All of the forward-thinking businesses understand the value of IT these days—but not all businesses are forward-thinking. In many places, proving IT’s value is a war still being waged. Likewise, IT workers themselves often have yet to awaken to the significant influence they have on helping or hurting business performance. In an article for Computerworld, Minda Zetlin addresses this potential identity crisis.
The View from the Frontlines
To begin with, here are some numbers from a survey of 708 CIOs, illustrating turbulence in how IT is viewed:
Among respondents, 84% reported that their companies’ line of business departments employ their own IT staffs.
Forty percent of the CIOs said that they make 50% or less of the IT decisions for their companies. And 39% said that business departments buy their own technology without consulting IT “often,” “very often” or “most of the time.” Meantime, IT departments themselves perform a shrinking proportion of the technology work they still oversee, with 24% of the respondents saying they outsource more than 50% of their IT and only 9% saying they outsource none at all.
For IT to get its power and respect back, it needs to start acting like it deserves it. For instance, although IT’s most basic functions fall under the category of cost center, that does not inhibit IT in any way from partnering with the business to improve customer experience or foster innovation. These activities are revenue drivers, and when such things become commonplace, the notion of IT as a money pit will inevitably dissipate.
Data analysis and the budding Chief Digital Officer (CDO) position are in many cases treated as a separate domain from IT, and it can be argued that this divide happened because CIOs and IT just were not stepping up to own the data. CDOs (etc.) began to fill the void. And frankly, in organizations of sufficient complexity or where data is of particular importance, maybe a CDO is necessary for proper division of labor. But CIOs must get active about having their data analysts provide at least basic training in analysis and modeling to IT staff, so that staff is better enabled to help the business with its problems. Data is the future of efficiency gains, and it would behoove IT to spearhead those gains.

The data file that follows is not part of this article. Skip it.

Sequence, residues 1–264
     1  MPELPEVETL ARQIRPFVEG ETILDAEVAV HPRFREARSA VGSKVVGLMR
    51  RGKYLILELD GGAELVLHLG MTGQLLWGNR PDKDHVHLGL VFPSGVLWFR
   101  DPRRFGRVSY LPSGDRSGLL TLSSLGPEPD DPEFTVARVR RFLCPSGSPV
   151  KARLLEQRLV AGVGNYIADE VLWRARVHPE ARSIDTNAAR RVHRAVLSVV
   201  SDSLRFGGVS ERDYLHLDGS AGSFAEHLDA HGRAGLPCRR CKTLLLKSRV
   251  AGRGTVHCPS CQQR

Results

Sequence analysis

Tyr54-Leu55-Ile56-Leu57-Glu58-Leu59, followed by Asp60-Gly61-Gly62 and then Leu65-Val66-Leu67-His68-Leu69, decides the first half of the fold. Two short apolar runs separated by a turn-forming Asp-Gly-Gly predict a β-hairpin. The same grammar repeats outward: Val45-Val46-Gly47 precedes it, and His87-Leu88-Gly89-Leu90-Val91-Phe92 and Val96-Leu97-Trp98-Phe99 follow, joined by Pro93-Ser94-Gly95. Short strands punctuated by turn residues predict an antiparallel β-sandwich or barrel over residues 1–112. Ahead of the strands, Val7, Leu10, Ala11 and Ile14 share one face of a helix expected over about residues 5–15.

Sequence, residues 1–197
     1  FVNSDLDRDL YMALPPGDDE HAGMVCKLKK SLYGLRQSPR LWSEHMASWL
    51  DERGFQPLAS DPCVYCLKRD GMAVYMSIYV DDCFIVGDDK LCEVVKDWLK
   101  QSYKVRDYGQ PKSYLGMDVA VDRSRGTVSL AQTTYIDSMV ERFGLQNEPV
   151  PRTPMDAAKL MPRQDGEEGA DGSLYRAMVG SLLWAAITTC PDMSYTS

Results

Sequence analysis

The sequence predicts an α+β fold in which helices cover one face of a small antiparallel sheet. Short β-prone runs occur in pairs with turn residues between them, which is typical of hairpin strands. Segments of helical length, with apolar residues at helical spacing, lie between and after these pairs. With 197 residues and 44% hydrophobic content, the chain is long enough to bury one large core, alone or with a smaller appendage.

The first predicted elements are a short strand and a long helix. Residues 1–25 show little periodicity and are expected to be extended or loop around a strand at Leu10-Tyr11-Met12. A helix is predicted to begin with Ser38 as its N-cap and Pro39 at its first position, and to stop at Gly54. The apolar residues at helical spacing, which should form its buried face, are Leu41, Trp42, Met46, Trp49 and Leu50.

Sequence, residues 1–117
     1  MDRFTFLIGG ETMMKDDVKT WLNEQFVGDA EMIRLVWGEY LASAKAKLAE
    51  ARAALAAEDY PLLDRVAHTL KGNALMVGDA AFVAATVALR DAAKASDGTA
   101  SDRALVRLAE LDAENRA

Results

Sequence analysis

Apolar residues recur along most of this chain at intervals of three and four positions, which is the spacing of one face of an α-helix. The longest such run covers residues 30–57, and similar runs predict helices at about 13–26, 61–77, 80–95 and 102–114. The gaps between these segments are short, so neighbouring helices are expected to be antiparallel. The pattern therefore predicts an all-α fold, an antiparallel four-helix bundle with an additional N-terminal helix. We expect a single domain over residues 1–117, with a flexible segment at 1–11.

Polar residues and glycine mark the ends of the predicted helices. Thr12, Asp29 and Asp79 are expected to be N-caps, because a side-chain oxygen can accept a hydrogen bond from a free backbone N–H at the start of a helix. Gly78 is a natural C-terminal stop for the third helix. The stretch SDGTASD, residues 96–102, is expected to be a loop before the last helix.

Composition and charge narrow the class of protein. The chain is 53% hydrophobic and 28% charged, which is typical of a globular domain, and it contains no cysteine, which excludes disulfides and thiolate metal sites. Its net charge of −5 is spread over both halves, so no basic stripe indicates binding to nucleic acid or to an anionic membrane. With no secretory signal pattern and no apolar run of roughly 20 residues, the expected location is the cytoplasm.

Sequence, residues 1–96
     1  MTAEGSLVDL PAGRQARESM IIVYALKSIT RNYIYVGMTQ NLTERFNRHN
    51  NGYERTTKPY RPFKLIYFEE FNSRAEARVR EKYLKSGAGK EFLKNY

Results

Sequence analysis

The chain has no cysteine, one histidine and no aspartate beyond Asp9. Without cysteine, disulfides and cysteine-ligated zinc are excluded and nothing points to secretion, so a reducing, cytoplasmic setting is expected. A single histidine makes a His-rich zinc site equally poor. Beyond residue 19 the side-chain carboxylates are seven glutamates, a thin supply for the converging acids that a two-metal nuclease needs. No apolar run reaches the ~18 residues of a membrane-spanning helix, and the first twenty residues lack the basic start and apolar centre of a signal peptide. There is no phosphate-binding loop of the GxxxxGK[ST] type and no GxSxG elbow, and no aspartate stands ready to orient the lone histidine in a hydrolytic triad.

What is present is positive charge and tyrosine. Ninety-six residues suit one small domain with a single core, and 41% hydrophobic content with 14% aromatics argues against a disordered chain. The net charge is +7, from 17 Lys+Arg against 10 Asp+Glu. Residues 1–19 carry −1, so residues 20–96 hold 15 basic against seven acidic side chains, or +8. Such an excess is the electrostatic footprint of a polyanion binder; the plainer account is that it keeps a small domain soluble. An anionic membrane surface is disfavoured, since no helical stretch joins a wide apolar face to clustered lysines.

Yet another area of dispute is whether IT should be supporting strategy with great platforms or instead outright setting strategy itself. And within that dispute, the sub-dispute in either case is the question of, “To what extent?” There are no easy answers here, so maybe it is most efficient for CIOs to simply ask themselves what they can do to deliver the best value with IT right now.
Lastly, there is the issue of how IT should convince other business units to involve it in technology decisions. One solution is to simply make the process so straightforward and breezy that no one would want to work around it. Another solution is to flip the perspective. Instead of IT saying, “You need to include us in decisions,” IT can say, “If you include us, we can confirm that you are getting the best value with your proposed selection, or help you negotiate a better deal or locate a superior alternative.”
These are some of the ways IT can stand on its own feet confidently. Now get marching. You can view the original article here; http://www.computerworld.com/article/3191986/it-management/is-it-having-an-identity-crisis.html